Addis Ababa January 02/2018 A restoration program aimed at replacing the temporary shelter of one of the rock-hewn churches of Lalibela, Biete Golgotha Mikael, will start this month, Authority for Research and Conservation of Cultural Heritage (ARCCH) disclosed.
In an exclusive interview with ENA, ARCCH Cultural Heritage Conservation Director Hailu Zeleke said study of the project had to pass through critical evaluation from all stakeholders before approval.
The study conducted by international companies was followed by the assessment of Addis Ababa University and experts from the Authority.
According to the Director, the restoration is expected to get finalized by the middle of July this same year.
The rehabilitation project experience of Biete Golgotha Church is a pilot project to restore the other “Wonders of Lalibella,” Hailu revealed.
The U.S Ambassador’s Fund for Cultural Preservation (AFCP) program and the World Monuments Fund cover the conservation cost of Biete Golgotha, which is expected to cost about 20 million birr, it was learned.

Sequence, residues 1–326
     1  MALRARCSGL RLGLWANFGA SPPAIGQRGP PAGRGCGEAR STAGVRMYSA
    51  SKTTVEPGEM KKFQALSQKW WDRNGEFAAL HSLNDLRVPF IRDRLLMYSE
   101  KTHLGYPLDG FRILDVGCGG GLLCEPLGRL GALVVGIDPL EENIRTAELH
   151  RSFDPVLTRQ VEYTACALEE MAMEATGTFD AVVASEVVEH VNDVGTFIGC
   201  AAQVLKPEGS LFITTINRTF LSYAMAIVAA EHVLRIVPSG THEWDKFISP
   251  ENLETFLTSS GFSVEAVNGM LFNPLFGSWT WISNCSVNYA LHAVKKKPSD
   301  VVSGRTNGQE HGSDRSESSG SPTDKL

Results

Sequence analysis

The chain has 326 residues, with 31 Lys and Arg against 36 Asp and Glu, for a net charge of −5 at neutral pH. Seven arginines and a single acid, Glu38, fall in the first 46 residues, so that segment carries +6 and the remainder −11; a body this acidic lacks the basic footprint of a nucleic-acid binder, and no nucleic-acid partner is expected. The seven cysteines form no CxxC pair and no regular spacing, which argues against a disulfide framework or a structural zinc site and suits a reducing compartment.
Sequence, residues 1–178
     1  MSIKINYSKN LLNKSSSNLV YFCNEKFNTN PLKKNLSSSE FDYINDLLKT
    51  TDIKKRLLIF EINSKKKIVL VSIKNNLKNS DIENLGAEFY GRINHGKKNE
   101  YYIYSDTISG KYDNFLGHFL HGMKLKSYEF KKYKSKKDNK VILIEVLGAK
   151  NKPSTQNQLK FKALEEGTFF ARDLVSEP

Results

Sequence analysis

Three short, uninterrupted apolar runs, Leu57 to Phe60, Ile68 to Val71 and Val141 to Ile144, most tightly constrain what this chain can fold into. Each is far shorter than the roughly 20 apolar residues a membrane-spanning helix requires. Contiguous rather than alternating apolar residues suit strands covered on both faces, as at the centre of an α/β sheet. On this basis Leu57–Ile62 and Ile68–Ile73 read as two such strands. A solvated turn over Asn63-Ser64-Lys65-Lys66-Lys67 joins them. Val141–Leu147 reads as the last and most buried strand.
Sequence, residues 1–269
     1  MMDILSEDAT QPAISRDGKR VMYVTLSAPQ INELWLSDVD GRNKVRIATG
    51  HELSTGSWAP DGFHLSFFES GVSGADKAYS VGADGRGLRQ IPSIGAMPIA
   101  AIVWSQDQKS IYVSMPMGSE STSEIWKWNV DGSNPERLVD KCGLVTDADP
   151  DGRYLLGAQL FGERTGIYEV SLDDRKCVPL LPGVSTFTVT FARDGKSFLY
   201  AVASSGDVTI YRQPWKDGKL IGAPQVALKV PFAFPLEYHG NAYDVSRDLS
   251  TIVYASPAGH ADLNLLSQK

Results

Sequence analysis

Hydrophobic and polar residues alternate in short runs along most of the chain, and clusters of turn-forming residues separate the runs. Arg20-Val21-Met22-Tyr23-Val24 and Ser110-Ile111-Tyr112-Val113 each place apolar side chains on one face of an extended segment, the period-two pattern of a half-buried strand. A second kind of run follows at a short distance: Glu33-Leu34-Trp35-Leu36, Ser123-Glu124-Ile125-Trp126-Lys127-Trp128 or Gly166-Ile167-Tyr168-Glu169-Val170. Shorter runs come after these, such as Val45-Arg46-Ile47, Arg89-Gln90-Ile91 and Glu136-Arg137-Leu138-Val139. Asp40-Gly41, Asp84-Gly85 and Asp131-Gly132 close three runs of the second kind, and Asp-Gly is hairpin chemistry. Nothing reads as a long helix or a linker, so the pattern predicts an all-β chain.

The temporary shelters of Biete Golgotha and the rest of the Rock-hewn churches were erected in 2008 with an outlay of 10 million Euros by the European Union to protect the heritage sites of Lalibela from damage.
The Director stated that the formation of fractures is one of the main problems causing water to sip into in the monument’s interior rooms.
Recent assessments have also revealed that the shelter is uninviting for visitors and not in tune with the world-class monuments despite its temporary benefit in protecting the heritage from wind, rain and sun.
Hailu urged all stakeholders to exert every support to protect such wonderful heritages sites.
The Director further noted that a conservation work can never be considered a finite operation as it is very important to also constantly monitor situations to assure the efficiency of the solutions applied to the monuments.
The rock-hewn churches of Lalibela are among the marvels inscribed on the World Heritage List of UNESCO in 1978.